A needle in an electromagnetic haystack was found and [Michael] could listen in on the quadcopter commands. The next step was interpreting the ones and zeros, and with the help of a small breakout board and soldering directly to the SPI bus on the transmitter, [Michael] was able to do just that. By going through the nRF24 documentation, he was able to suss out the pairing protocol and read the stream of bytes that commanded the quadcopter.

What [Michael] was left with is a series of eight bytes sent in a continuous stream from the transmitter to the toy. These bytes contained the throttle, yaw, pitch, roll, and a ‘flip’ settings, along with three bytes of ‘counters’ that didn’t seem to do anything.  With that info in hand, [Michael] took an Arduino Nano, an nRF04L01+ transceiver, and a Wii nunchuck to build his own transmitter. If you’re looking for a ‘how to reverse engineer’ guide, it generally doesn’t get better than this.

You can check out a video of [Michael] flying his Wiimoted quadcopter below.

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Real World Race Track is Real Hack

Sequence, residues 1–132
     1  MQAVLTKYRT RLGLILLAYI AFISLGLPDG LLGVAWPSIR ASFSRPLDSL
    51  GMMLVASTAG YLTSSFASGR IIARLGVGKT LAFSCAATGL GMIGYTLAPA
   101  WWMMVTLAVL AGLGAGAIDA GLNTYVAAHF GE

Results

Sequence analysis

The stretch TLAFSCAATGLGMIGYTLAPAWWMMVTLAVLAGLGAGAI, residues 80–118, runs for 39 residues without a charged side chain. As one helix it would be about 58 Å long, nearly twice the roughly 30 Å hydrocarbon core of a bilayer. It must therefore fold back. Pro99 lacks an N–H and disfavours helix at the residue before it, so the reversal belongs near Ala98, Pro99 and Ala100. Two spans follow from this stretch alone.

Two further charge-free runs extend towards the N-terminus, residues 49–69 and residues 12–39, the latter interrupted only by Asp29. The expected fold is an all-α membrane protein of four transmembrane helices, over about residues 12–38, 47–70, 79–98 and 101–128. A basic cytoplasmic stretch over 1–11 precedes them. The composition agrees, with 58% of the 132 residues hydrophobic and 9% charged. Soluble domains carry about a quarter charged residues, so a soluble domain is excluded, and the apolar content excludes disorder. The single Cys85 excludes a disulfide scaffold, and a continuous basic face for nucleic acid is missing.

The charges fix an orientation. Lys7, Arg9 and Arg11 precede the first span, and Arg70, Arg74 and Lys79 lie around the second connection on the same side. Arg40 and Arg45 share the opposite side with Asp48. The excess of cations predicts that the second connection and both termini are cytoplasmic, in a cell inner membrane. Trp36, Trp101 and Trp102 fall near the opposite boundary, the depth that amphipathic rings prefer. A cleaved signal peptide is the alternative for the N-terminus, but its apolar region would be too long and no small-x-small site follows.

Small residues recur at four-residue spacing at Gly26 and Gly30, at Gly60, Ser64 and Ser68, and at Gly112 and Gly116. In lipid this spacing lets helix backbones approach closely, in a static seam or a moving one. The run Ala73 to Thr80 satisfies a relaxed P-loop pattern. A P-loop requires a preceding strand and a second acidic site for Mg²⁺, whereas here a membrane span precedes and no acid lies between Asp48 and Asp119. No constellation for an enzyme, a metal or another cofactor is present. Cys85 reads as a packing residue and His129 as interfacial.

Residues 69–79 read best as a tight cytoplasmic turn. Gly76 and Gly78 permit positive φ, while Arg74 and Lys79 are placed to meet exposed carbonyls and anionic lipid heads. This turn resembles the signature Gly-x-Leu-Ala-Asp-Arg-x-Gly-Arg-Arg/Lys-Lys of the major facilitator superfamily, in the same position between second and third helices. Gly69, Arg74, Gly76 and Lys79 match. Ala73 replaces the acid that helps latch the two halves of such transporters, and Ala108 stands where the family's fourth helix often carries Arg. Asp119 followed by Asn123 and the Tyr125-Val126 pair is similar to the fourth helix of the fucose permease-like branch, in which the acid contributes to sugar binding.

[Rulof] never ceases to impress us with what he comes up with and how he hacks it together. Seriously, how did he even know that the obscure umbrella part he used in this project existed, let alone thought of it when the time came to make a magnet mount? His hack this time is a real world, tabletop race track made for his little brother, and by his account, his brother is going crazy for it.

His race track is on a rotating table and consists of the following collection of parts: a motor, bicycle wheel, casters from a travel bag, rubber bands (where did he get such large ones?), toy car and steering wheel from his brother, skateboard wheels, the aforementioned umbrella part and hard drive magnets. In the video below we like how he paints the track surface by holding his paint brush fixed in place and letting the track rotate under it.

From the video you can see the race track has got [Rulof] hooked. Hopefully he lets his brother have ample turns too, but we’re not too sure. Some additions we can imagine would be robotics for the obstacles, lighting, sounds and a few simulated explosion effects (puffs of flour?).

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Fallout 4 Gets Logic Gates, Is Functionally Complete